“Crook always maintained that, since his command occupied the field after the battle, he was not defeated at the Rosebud, and that if the battle had gone according to his orders, it would have resulted in a real triumph for his men. This view was also held by his superiors, although they called it a ‘barren victory.’ His part in the campaign was to form a junction with the other advancing columns, combining with them in returning the infractious Sioux to their reservations. His immediate purpose was to find and destroy the village of Crazy Horse. He accomplished none of these objectives. Instead he retired from the scene, permitting the forces of Crazy Horse to concentrate their strength against the troops to the north.” From With Crook at the Rosebud
The 1868 Treaty of Fort Laramie gave the Sioux and Cheyenne Indian tribes control over a wide region, covering Montana, Wyoming, Nebraska, and part of the Dakotas. But in the 1870s gold was discovered in the Black Hills, and white settlers invaded Indian territory in desperate search for the precious mineral. Clashes between miners and Indians erupted. After trying other means of settling the disputes, the U.S. government decreed that all Indians in the northwest should be living on reservations by January 1876. The Sioux and the Cheyenne refused to obey, so the Bureau of Indian Affairs called in the military to enforce the order.
Brigadier General George Crook led the Big Horn and Yellowstone Expeditionary forces into southern Montana against rebellious Sioux. But Crazy Horse, leading a party of Sioux and Cheyenne, defeated a portion of Crooks command at Powder River in March 1876. In his chagrin and determination for revenge, Crook led his troops to the Rosebud canyon to destroy Crazy Horse’s village.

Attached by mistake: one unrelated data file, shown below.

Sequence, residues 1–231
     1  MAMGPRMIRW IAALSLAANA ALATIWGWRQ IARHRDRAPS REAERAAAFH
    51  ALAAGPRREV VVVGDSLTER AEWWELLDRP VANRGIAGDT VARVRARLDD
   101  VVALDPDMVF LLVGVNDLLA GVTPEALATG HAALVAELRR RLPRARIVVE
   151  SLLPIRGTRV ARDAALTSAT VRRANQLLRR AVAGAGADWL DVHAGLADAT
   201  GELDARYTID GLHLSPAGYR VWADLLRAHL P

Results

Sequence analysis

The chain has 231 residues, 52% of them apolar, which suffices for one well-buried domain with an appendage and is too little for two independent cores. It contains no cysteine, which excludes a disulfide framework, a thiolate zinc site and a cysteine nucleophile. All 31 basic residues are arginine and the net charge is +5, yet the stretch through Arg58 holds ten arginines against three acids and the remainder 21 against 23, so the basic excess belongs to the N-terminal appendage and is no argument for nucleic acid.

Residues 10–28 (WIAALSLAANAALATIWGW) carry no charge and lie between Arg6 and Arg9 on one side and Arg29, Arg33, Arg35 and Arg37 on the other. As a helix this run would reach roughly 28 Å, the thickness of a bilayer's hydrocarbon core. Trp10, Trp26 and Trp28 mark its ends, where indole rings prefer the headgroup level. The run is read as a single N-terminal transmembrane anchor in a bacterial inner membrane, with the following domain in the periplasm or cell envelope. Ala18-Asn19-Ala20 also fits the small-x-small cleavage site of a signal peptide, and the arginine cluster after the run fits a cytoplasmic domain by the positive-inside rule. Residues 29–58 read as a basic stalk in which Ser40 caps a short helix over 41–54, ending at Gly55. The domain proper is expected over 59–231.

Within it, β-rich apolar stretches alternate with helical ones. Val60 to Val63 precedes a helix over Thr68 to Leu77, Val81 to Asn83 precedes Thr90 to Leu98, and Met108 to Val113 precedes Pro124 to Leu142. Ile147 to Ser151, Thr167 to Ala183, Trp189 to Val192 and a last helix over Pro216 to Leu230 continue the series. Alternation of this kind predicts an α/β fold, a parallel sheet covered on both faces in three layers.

The two powerful forces, each numbering more than one thousand men, met at the Rosebud River on June 17. At the end of the fierce, day-long battle, Crook returned to his base nearly forty miles away, convinced that he had won. Time would prove, however, that the battle resulted in a stalemate. Crook’s force was removed from the larger campaign and he was unable to come to Custer’s aid at the Little Big Horn eight days later.
Though the Battle of the Rosebud had a significant impact on the rest of the campaign against the Sioux, it has often been eclipsed by publicity surrounding the Battle of the Little Big Horn. It was not until 1956, when With Crook at the Rosebud was first published by Stackpole, that the first clear history of the battle emerged.
J. W. Vaughn, 1903-1968, graduated from the University of Missouri in 1925 and later received a law degree from the University of Denver. He practiced law in Windsor, Colorado, for thirty-nine years. Vaughn’s first visit to the Little Big Horn and Rosebud battlefields in 1952 sparked his interest in Crook’s standoff and inspired him to collect primary data and walk the battlefield with a metal detector, searching for bullets and shell casings. After publishing With Crook at the Rosebud, Vaughn wrote three other books on the Indian Wars.
Brian C. Pohanka, one of the nation’s leading authorities on the life of the common soldier of the Civil War, is a frequent consultant of film and the television producers on Civil War reenacting and living history. Formerly an assistant editor and researcher for the Time-Life Books Civil War series, he is the author of Distant Thunder: A Photographic Essay on the American Civil War and Civil War: An Aerial Portrait. Pohanka is also active in Custer and Little Bighorn studies, including archaeological work on the Little Bighorn Battlefield. He works as a freelance writer and consultant from his home in Alexandria, Virginia.